By Austin Perry
The puffy hair, mismatched gym apparel, incredible physiques and sunglasses worn at all times.
Welcome to the 1980’s – the peak of fitness.
I’m sure we can all agree that there is nothing more nostalgic and visually vibrant than seeing old school photos from the gym where it was normal to have parachute pants, prominent skin tans and Gold’s Gym stringers.
Maybe it’s just me but fitness and bodybuilding back in the 80’s was just way cooler than today’s standard and that’s not just because of the abnormal yet stylish outfits.
Let’s take the Pontiac Firebird out of storage and pop in a Duran Duran cassette while we break down 7 different ways that fitness was cooler back in the 1980’s.
Quite easily the best reason on this list for why old school fitness was the best and it’s mainly due to the top bodybuilders being in their prime. You had key icons such as Arnold Schwarzenegger, Franco Columbu, Tom Platz, Lee Haney, Ken Waller, Frank Zane and more.
These famous athletes ushered in an iconic era of what’s considered to be the perfect physique with much better symmetry.
Ah yes, you knew this was going to crack our list at some point. The gym clothing was odd but somehow fashionable at the time. You had women with full aerobic spandex, leg warmers and headbands that could be spotted from 20 miles away.
Let’s not forget about the aviator shades, short shorts, parachute pants and stringers doused with an entire color palette.
Fitness created its own fashion during the 1980’s and started the wave for gym clothing ever since.
Man, the hair was uh – something else, right? Whenever you think of the 1980’s, it’s hard not to associate the perms, feathered side part and overly-curly hair that is packed with enough hairspray to single-handedly destroy the ozone layer.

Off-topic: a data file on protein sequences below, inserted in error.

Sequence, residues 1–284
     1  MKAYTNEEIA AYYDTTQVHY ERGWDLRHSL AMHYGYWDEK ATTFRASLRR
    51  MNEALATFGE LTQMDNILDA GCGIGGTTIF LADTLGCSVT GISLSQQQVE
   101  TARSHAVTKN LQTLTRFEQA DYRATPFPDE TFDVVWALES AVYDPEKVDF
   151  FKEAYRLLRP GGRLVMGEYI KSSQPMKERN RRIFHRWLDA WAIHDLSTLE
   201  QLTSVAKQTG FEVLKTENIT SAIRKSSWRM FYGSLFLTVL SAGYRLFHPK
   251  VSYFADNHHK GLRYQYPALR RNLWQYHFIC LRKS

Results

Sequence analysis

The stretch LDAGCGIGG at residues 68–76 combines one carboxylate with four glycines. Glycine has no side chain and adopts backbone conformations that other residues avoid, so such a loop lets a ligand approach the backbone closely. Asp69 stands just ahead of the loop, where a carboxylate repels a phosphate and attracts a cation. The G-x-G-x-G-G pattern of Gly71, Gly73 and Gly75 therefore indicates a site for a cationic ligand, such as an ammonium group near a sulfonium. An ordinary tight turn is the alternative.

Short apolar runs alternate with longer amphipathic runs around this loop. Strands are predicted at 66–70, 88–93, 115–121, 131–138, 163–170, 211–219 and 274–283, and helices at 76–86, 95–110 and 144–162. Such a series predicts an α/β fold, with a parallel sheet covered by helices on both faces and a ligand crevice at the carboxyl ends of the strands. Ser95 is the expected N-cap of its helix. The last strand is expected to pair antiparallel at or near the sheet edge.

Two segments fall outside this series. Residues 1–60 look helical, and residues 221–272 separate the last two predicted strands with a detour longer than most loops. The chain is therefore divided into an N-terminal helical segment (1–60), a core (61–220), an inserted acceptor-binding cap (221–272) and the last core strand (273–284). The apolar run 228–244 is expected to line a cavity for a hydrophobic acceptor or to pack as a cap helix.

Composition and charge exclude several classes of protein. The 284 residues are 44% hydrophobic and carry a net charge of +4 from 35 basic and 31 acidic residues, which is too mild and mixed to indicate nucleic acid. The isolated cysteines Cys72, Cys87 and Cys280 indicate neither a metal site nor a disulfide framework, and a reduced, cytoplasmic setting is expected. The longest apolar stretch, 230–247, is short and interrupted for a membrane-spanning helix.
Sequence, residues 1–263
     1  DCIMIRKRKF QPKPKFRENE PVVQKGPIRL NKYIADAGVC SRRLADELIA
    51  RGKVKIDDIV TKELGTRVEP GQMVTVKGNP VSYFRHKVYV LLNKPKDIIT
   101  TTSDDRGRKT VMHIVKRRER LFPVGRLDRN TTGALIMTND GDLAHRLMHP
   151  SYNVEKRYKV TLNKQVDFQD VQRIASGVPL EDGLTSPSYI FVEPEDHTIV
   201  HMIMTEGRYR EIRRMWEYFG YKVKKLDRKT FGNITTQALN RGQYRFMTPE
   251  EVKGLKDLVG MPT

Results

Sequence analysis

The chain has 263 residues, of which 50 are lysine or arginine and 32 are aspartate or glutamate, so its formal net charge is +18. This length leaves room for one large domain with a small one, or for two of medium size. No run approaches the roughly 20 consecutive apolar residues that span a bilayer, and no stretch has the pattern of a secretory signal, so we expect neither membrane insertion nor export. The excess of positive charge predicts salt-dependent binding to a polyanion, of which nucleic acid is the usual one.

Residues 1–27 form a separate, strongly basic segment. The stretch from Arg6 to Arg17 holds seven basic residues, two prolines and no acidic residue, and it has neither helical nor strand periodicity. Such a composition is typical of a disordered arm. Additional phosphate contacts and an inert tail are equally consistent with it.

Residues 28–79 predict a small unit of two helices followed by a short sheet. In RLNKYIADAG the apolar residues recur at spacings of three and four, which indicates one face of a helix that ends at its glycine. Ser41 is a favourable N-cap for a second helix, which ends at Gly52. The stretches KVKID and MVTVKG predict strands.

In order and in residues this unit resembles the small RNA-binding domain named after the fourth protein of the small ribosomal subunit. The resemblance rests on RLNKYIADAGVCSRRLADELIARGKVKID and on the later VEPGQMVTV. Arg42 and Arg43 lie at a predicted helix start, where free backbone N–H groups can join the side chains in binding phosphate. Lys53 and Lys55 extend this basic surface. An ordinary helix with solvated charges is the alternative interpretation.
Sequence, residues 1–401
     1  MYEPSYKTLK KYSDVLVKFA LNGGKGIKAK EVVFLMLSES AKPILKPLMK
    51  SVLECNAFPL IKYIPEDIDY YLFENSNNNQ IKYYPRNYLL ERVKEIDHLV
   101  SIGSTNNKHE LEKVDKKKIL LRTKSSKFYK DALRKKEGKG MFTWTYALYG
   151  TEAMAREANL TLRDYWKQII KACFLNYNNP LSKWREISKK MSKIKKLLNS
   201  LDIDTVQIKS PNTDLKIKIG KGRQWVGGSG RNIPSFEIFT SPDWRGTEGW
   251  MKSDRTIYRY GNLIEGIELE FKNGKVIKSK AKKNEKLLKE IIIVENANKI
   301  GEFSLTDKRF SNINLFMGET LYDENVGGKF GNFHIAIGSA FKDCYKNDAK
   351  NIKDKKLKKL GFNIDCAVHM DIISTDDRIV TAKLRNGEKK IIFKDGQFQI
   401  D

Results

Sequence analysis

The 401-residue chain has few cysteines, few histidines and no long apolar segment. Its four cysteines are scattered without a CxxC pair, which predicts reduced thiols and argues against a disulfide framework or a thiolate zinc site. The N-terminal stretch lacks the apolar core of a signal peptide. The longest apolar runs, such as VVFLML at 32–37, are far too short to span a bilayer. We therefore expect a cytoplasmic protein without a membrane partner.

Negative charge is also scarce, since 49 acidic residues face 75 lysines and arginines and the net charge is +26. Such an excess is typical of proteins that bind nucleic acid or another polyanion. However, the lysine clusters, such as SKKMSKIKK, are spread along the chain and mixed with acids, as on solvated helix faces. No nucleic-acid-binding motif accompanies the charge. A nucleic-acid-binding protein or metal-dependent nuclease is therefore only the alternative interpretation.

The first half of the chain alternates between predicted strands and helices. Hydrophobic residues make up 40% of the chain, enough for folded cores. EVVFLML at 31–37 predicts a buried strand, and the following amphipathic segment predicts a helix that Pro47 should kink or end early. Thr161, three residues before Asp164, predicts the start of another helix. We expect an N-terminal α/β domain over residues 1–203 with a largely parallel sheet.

Hell, even some of your favorite bodybuilders during that time were probably rocking a Magnum P.I. mustache when it was just as trendy as invading Area 51 is today.
The hair simply completed the look and natural aesthetics of that era in fitness and really makes it stand out from other generations.
Back before social media became a common necessity in life, the only way to catch up on news in the fitness industry was to grab a copy of the latest Muscle & Fitness magazine to find out all of the new ways to slim down, boost nutrition and take care of your skin.
But let’s talk about the branding and design of these magazines.
There’s no chance you see this magazine on the shelf today and aren’t immediately prompted to pick it up with how colorful and descriptive the main cover was at the time. With the only way to obtain new fitness knowledge being restricted, the M&F magazine was a must have.
Free weights, sweat, chalk and blood. Training back then was as hardcore as could be, there were no advanced methods to help with your workouts that didn’t come directly from picking up a dumbbell and releasing all of your anger on it.
With no cell phones holding a person back from taking extended periods of rest time or creepily taking mirror selfies in front of the squat rack, training was not only intense but equally effective in commercial gyms.
It was also a much more social environment within the bodybuilding spectrum.